What's your idea of free-time during a 60+ work week?

dchd9's picture
Rank: Senior Orangutan | 409

I came across this from Wall Street Playboys

Finally, this does not mean that you should become a boring frugal monk, it means that you need to learn to have balance. In our view this is going out twice per week... Again, no need to simply believe this model. Try it yourself and report back.

I would imagine you need time to unwind working 60+ hours a week. I'm barely going to start this grind and was looking for productive activities to do during the week, perhaps taking dance lessons (salsa/bachata) or firearms training classes.

What do you busy bodies do with your limited free time?

Comments (16)

Nov 16, 2016

try to work out every morning and see friends in some capacity once a week (usually involves beer). Golf 5-10 times a year (always involves beer) and shooting range about the same (no beer)

white water raft and ski once a year, each

edit: I took dance lessons for my wedding, and it was fun, but I hated knowing that a one hour dance lesson cost about as much as a round of golf

Nov 16, 2016
Brosef Stalin17:

try to work out every morning and see friends in some capacity once a week (usually involves beer). Golf 5-10 times a year (always involves beer) and shooting range about the same (no beer)

white water raft and ski once a year, each

edit: I took dance lessons for my wedding, and it was fun, but I hated knowing that a one hour dance lesson cost about as much as a round of golf

Nice! Where would you go skiing?

And damn. My cousin knows a dance instructor, so I can take lessons for $25 with every third lesson being free.

Nov 17, 2016

North Carolina.. geographically and monetarily convenient

Best Response
Nov 17, 2016

You only live once. Why live your one life based on some preset schedule? I work out five times a week because I enjoy it and spend the rest of my free time doing what I want. That sometimes involves reading leadership books to better myself professionally, but it also sometimes involves just drinking a ton and having a good time.

    • 4
Nov 17, 2016

YOLO!!!

Nov 17, 2016

I prefer the more high-brow version of "carpe diem".

    • 2
Nov 18, 2016

Nah, I don't do this. I usually prefer to get family related friends. I actually spend some time with school friends, as we have a society at which we study, but normally I hardly have time to date a nice girl I've met this year.

Stopped drinking and doing similar things in 2012. And with that I've never took interest in most of things common people do. That's probably why I came on here at this forum.

Nov 18, 2016

What I've been wondering, is how do you find balance outside of large cities like NYC? I need to be able to leave work, hit the store/friends house, grab drinks, then get back home all within a 10 minute circumference or so. Plus, that's in no particular order because subways run 24/7 and everything is open until 3am or later, with everyone all living just a couple blocks over or a 15 minute train ride. Tough living in smaller cities or more rural areas.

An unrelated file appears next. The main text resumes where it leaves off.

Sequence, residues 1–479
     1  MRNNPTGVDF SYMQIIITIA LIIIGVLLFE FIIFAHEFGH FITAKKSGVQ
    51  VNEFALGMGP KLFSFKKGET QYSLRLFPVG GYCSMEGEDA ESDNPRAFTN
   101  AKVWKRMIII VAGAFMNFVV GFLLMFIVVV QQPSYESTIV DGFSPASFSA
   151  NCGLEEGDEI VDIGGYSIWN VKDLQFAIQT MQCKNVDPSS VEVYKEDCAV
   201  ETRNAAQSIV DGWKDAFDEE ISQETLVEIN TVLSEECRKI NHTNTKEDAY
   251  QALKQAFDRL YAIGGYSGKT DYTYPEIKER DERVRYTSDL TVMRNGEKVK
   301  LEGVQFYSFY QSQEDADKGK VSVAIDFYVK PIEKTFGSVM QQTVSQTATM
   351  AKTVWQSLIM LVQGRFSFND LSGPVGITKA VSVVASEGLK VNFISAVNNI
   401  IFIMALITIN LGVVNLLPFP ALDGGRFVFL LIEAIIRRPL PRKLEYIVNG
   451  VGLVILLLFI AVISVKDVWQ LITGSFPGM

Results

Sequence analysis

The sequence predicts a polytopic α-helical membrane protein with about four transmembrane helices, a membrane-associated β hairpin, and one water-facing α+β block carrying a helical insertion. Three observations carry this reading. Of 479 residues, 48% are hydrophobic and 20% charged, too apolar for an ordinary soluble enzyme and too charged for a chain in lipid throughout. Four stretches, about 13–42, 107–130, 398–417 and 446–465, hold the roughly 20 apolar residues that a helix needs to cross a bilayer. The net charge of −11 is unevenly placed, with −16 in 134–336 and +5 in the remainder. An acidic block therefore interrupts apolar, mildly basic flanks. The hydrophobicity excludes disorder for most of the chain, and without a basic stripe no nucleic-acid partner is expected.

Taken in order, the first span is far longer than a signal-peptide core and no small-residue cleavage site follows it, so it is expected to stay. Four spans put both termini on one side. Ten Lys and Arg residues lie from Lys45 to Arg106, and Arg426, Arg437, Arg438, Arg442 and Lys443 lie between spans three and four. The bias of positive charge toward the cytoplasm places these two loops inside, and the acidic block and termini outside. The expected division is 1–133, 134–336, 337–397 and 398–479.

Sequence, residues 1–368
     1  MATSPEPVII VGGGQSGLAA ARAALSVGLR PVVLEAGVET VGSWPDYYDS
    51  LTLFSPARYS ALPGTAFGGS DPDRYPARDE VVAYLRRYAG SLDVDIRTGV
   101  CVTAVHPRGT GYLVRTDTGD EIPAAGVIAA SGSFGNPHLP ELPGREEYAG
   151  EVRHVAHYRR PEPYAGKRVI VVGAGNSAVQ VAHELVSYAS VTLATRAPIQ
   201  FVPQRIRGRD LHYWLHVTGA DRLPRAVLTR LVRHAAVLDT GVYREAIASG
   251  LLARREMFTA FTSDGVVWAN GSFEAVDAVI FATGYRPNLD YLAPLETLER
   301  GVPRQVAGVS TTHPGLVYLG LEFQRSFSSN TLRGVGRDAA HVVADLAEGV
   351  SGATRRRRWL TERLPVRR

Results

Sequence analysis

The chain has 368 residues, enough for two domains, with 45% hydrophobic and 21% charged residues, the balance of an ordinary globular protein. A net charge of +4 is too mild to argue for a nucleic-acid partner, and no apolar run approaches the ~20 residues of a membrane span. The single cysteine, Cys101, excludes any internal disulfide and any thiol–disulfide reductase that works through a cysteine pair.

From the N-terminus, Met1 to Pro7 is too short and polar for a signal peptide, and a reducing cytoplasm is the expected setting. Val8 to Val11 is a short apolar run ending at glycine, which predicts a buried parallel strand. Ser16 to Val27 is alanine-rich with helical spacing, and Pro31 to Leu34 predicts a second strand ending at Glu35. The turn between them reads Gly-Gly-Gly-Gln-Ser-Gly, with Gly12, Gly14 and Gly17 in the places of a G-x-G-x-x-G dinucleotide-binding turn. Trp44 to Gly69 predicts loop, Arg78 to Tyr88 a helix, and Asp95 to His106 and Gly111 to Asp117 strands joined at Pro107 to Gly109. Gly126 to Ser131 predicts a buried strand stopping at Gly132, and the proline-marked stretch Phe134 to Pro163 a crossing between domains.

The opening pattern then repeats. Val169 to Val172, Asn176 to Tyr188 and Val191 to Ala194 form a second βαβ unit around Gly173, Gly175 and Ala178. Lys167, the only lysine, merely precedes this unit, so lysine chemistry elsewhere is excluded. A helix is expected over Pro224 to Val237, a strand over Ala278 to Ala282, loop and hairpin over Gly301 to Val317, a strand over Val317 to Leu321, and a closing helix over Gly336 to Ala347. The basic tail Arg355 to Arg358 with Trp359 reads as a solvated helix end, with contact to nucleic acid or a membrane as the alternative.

Nov 18, 2016

I'm a competitive popper (cyphers and battles), so I try to squeeze 4 practices a week. Schedule-wise, I'm well aware my life is basically work and dance with bits of time for errands and going out. It was pretty hard at first, especially gathering the energy to go practice right after work and realizing you won't have time for anything else the rest of the day, but I am pleasantly shocked at what your body is capable of in terms of adjusting to new normals.

The biggest challenge is being involved in 2 distinctly different cultures... finance and street dance crowds don't understand each other whatsoever so it's often hard to find people who can relate to me holistically.
That being said, their contrasting dynamics make me feel balanced, which I find key in making this sustainable.

Nov 19, 2016
ThatOtherGuy:

I'm a competitive popper (cyphers and battles), so I try to squeeze 4 practices a week. Schedule-wise, I'm well aware my life is basically work and dance with bits of time for errands and going out. It was pretty hard at first, especially gathering the energy to go practice right after work and realizing you won't have time for anything else the rest of the day, but I am pleasantly shocked at what your body is capable of in terms of adjusting to new normals.

The biggest challenge is being involved in 2 distinctly different cultures... finance and street dance crowds don't understand each other whatsoever so it's often hard to find people who can relate to me holistically.That being said, their contrasting dynamics make me feel balanced, which I find key in making this sustainable.

I'm quite curious - what cultural context do street dance crowds conform to?

Nov 19, 2016
Comment